To choose a jury, a procedure known as “voir dire” is conducted to determine the biases of potential jurors. The attorneys for both parties will ask potential jurors questions to determine what jurors they would like to remove from consideration. Once each side finishes announcing who they want to be removed, the jury is impaneled.

After jury selection is completed, the trial will begin. The plaintiff will argue their case first. After all of the plaintiff’s evidence has been presented and all of the witness has been called, the plaintiff will rest their case. At that time, the defense will begin to present their evidence. The defense will present the physician’s side of the case and attempt to show why negligence was not involved in creating the patient’s injury. Once all of the evidence has been heard from both parties, instructions will be given to the jury who will then deliberate on the facts of the case and make a finding.

If the parties choose a bench trial over a jury trial, the judge decides the questions of fact and the questions of law. The process is the same as a jury trial with the judge hearing evidence from the plaintiff and the defense. The advantage of a bench trial is they are usually much faster than a jury trial.


Often, the losing side in a medical malpractice case will choose to appeal a decision from the lower court. An appeal is a legal preceding that allows a higher court to review the decision of a lower court. An appeal is very different from the initial trial because the court does not hear any testimony and does not determine the facts of the case. Instead, the appeal court decides if the lower court made an error of law or made a factual determination unsupported by evidence.

In Kentucky, you have 30 days to appeal the decision of a lower court once a judgment has been issued.[26] Appeals from District Court are heard in Circuit Court, and appeals from Circuit Court are heard in either the Kentucky Court of Appeals or the Supreme Court of Kentucky.

How to find the best Kentucky Medical Malpractice Lawyer for your case

If you or a loved one has been the victim of medical malpractice, one of the most critical steps you can take towards ensuring that you are appropriately compensated for the losses you have suffered is to hire an experienced medical malpractice attorney. The options may seem overwhelming at first, but there are some tips that can help you find the law firm or attorney that best meets your needs. Medical malpractice cases can often take a significant amount of time and therefore it is imperative that you feel comfortable with and confident in your legal counsel.

Find out what type of law the firm practices: This may seem obvious, but many times attorneys will practice in a variety of practice areas. The more narrow focus a lawyer or firm has, the more you can be confident that they are well-versed in intricacies of medical malpractice. Experience counts. Look for a firm that dedicates a great deal of its practice to defending victims of medical negligence. You can also ask the law firm directly about their medical malpractice case record.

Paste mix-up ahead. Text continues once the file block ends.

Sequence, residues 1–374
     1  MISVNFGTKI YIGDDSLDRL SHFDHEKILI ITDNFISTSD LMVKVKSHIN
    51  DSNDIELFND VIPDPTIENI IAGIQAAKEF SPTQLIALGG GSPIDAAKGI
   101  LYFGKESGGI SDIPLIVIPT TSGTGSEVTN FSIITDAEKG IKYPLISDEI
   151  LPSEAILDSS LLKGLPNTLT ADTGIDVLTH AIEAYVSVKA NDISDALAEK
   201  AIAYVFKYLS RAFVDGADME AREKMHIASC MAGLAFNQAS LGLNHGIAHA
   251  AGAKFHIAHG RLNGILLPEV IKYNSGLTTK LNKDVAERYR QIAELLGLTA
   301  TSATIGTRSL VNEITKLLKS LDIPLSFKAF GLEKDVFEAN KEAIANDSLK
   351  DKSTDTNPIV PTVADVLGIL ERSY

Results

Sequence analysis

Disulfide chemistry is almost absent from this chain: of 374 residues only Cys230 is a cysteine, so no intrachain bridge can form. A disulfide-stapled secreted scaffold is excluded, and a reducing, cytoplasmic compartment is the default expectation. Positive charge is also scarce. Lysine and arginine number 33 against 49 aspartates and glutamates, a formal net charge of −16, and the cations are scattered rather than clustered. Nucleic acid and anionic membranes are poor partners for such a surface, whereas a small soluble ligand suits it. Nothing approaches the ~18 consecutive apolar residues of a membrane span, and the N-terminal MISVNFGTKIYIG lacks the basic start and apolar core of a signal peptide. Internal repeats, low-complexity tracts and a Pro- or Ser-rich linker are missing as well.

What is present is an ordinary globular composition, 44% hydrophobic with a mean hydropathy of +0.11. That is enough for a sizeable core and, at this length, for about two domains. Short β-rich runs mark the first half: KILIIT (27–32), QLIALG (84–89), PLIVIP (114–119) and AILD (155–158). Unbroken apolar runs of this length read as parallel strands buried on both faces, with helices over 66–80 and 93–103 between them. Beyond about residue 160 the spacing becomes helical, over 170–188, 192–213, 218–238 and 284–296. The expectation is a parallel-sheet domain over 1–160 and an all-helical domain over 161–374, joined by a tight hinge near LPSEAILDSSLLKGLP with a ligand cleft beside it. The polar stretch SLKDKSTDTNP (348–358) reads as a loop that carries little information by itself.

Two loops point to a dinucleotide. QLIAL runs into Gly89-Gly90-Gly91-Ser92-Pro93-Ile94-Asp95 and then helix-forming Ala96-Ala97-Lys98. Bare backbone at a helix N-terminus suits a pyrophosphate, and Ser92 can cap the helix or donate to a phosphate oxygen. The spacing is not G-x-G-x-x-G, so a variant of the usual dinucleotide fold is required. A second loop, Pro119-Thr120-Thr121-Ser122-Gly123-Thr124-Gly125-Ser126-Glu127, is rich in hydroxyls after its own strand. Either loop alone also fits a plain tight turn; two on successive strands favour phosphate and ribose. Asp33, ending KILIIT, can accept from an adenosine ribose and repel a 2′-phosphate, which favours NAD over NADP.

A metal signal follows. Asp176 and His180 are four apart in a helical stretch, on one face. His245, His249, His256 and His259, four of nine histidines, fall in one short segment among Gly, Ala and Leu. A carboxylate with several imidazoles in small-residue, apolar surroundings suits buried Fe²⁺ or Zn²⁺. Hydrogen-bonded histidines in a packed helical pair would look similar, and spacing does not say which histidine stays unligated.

Look for a lawyer with medical experience: Malpractice claims can be incredibly complex and they require a deep understanding of medicine and medical records. Because the cases involve medical experts and insurance representatives who speak extremely technical jargon, your lawyer should be able to effortlessly use these terms, too. Lawyers with former medical experience can be extremely valuable in a negligence case. If your lawyer is a former physician, for example, he or she will be able to understand your medical records without relying on outside help. A lawyer with medical training will also be better able to tell when medical experts are not telling the truth.

Check the attorney’s case record: A medical malpractice firm or attorney will do you no good if they never win a case. Most attorney websites and directory profiles will highlight information about past cases and recovery amounts. This is a test of credibility, capability, and longevity: a firm with many previous courtroom wins likely knows how to pursue maximum compensation for its clients.

Research how a law firm handles the press and your privacy: Some law firms reveal information about past cases in great detail on their websites or in new articles, putting a client’s personal information all over the Internet. When envisioning your own future, you may not want to have your own name, medical details, and settlement amount in the public eye. Consider privacy when selecting an attorney. How does the firm use its previous clients’ information? Although you would likely be able to request that your settlement and name be kept private in any circumstance, the way a firm chooses to use its clients’ information may reveal something about the firm’s overall principles, too.